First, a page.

P.S.
If your wax will be too hard, your instrument will buzz.
If your valves will be of poor quality, your instrument will burr, buzz, choke, flutter. So even for a cheap concertina you'll need good valves, which price may be equal to the price of your instrument.

#3 Kid Electric

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Posted 07 November 2007 - 10:50 PM

Thanks for the thorough response!

The wax didn't actually drip too far -- just enough to mess with the reeds, I think the valves are ok (though they may be worth replacing anyway); I will try cleaning and re-installing.

Beeswax is fairly easy to find; I can get a pound of it for $4 (plus about $4 shipping) on eBay, or there are also beeswax wholesalers online which sell by the ounce, pound, ton, etc

#4 Theo

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Posted 08 November 2007 - 04:31 AM

Beeswax is fairly easy to find; I can get a pound of it for $4 (plus about $4 shipping) on eBay, or there are also beeswax wholesalers online which sell by the ounce, pound, ton, etc


You should be able to find reed wax ready mixed. Making it yourself is a messy process. Try The Button Box They use wax in their Morse concertinas.

#5 Richard Morse

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Posted 08 November 2007 - 08:09 AM

You should be able to find reed wax ready mixed. Making it yourself is a messy process. Try The Button Box They use wax in their Morse concertinas.[/quote]Yes, we sell high-quality accordion wax which we use in our concertinas.

For anyone that *really* wants to deal with making their own wax, beeswax is incredibly easy to get. Pretty much every sewing/fabric store will carry beeswax (quilters use it, and it comes in handy stick form) and many places that sell candles have beeswax candles. Beware how much the wax has been processed though as sometimes it can be so refined as to be brittle.

Rosin is also easy to get. Sports shops and athletic supply stores, dance studios carry rosin, usually in powdered form for "grip" (hands/gloves and shoes) and music stores sell violin rosin (in cake form which you can easily crush into a powder).

Don't forget that you need a bit of oil in your wax mixture too. Everyone seems to have the "magic" proportions they swear by. We made several batches many years ago but none worked as well as the stuff we get from the accordion makers (not to mention that we go through so much of the stuff. Much easier/cheaper to by it ready-made by the pound).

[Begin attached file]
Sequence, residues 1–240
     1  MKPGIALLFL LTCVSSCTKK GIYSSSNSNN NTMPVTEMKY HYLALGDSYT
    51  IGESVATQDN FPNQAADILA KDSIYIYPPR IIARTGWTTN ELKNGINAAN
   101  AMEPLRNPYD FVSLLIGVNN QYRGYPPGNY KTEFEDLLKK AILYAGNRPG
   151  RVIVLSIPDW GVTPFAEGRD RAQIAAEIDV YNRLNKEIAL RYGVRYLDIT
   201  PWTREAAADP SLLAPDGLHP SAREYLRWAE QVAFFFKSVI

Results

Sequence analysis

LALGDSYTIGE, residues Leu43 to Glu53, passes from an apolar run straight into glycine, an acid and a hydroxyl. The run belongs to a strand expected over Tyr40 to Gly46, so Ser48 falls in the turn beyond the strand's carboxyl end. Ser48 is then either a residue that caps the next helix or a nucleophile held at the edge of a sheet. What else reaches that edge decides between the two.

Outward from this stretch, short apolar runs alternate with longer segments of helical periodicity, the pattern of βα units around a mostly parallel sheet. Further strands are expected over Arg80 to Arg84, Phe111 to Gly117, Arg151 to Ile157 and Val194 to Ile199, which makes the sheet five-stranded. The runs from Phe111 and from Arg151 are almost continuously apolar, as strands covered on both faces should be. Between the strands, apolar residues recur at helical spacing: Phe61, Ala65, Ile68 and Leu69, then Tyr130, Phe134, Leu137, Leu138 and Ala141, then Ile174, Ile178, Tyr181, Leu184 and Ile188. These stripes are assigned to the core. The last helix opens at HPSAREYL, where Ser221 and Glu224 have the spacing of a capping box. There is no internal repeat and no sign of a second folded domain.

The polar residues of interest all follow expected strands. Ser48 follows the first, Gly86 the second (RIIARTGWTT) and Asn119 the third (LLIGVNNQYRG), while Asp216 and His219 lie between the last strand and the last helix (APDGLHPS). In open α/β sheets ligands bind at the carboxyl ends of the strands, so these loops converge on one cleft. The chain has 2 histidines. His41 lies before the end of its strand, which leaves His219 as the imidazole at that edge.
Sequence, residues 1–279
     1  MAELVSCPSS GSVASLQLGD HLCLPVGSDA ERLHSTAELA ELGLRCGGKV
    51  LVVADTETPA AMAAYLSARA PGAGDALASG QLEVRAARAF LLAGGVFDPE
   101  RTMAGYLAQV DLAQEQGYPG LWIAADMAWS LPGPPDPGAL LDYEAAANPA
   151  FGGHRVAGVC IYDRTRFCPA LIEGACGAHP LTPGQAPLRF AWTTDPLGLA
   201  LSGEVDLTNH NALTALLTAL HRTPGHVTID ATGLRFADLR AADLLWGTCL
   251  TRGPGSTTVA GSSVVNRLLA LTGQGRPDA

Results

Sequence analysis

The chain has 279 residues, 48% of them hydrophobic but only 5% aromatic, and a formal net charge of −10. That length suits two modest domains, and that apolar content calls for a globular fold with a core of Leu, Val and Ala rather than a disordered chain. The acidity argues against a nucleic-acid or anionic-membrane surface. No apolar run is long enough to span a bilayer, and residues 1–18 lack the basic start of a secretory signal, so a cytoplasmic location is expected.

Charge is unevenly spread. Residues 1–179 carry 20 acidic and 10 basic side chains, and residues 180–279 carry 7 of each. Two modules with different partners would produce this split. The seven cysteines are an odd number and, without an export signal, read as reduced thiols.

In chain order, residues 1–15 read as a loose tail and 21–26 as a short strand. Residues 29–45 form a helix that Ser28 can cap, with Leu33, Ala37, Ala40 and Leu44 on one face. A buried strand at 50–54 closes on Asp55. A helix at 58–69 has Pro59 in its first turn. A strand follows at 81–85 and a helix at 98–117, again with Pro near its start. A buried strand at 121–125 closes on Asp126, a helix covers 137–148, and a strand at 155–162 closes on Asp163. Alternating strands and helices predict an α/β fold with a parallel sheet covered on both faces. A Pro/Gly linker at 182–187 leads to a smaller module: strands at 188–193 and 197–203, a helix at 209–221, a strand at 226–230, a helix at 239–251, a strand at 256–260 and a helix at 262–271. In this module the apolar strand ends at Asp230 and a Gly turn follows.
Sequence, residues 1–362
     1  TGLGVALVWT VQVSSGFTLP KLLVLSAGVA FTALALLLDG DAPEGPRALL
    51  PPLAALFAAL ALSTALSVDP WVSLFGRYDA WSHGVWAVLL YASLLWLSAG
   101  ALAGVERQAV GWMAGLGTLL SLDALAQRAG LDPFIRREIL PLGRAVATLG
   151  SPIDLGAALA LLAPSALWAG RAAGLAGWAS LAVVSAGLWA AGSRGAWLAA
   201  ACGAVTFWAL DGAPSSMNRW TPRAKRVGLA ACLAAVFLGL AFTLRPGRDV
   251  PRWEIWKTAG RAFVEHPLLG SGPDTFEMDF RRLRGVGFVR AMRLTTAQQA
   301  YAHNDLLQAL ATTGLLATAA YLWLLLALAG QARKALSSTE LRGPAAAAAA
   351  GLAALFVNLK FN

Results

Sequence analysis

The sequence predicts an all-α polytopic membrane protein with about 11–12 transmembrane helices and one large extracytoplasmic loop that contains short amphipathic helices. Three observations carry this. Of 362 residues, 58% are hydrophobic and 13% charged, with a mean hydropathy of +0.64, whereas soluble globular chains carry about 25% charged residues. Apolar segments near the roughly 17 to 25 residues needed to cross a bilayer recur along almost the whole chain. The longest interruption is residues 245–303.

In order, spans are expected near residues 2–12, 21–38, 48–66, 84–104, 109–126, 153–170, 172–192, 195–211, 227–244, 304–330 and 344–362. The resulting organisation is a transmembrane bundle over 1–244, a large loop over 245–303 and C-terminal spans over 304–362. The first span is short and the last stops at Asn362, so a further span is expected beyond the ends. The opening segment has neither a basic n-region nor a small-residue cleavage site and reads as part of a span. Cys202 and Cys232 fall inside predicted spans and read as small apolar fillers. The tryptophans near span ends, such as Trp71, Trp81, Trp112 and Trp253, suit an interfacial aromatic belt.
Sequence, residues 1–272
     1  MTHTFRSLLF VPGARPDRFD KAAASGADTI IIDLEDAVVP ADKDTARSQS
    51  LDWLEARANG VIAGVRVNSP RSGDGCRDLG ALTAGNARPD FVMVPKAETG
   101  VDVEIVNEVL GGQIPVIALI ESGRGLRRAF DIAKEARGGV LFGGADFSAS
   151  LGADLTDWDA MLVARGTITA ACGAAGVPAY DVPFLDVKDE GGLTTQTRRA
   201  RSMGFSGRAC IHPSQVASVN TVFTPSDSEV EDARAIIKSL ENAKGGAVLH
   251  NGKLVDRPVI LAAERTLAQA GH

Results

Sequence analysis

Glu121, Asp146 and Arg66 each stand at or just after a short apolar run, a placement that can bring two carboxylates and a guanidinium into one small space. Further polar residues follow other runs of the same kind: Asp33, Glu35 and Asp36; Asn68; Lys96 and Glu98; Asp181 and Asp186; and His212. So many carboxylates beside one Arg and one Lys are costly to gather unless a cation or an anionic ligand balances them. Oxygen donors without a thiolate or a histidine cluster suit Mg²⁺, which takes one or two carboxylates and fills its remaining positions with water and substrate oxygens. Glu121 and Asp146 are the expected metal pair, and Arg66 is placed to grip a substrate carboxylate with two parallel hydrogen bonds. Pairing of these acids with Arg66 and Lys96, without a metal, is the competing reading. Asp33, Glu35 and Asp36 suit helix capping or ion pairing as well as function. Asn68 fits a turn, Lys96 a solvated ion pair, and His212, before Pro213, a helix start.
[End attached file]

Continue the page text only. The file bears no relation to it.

-- Rich --

#6 marien

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Posted 08 November 2007 - 10:04 AM

here on ebayis wax mixed with resin:
http://cgi.ebay.com/...VQQcmdZViewItem
marien

#7 Kid Electric

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Posted 11 November 2007 - 07:02 PM

Thanks for these further suggestions on where to find pre-made wax. I was really not looking forward to trying to make my own (cleaning and reattaching the reeds is going to be enough of a pain in the butt as it is)

I found I could make about 1.5 lbs of accordion wax for about $20 (1 lb beeswax for $9 and 1/2 lb of lump pine rosin for $10), so I figured I would do that if I have to and then sell the excess to anyone who needed it.

But now I'm thinking it would be better to just get the pre-made stuff if it's not hard or expensive to obtain.

#8 plasteraccordion

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Posted 05 December 2009 - 11:04 PM

So, I ended up buying a cheap, "Italian-designed" (ie. made in China) concertina from eBay; I had owned a Bastari which, despite being 30-40 years old, played relatively well... but the buttons were kind of loose and wobbly and the thumb valve too far for my hands. So, I replaced with a new "Morelli" concertina and it did actually play and sound nice.

However, when I moved across the country and brought it in my car, it appears not to have enjoyed the 109 degree Nevada weather. I hadn't played it in a while, and when I pulled it out of the case to give it a go, no sounds coming out of the right-side (higher pitch) C/G reeds/valves.

I unscrewed the end and uncapped it and... sure enough, the reeds weren't even there. Most of them had completely fallen off and I could see melted wax segments here and there. What's worse is that some of the wax melted ONTO the reeds, meaning they now won't work even if I reaffixed them. However, I think if I clean off the wax and then rewax them, it'll be good as new. (I know I could take it to a repair shop, but why would I do that on something that cost less than $100 to begin with?)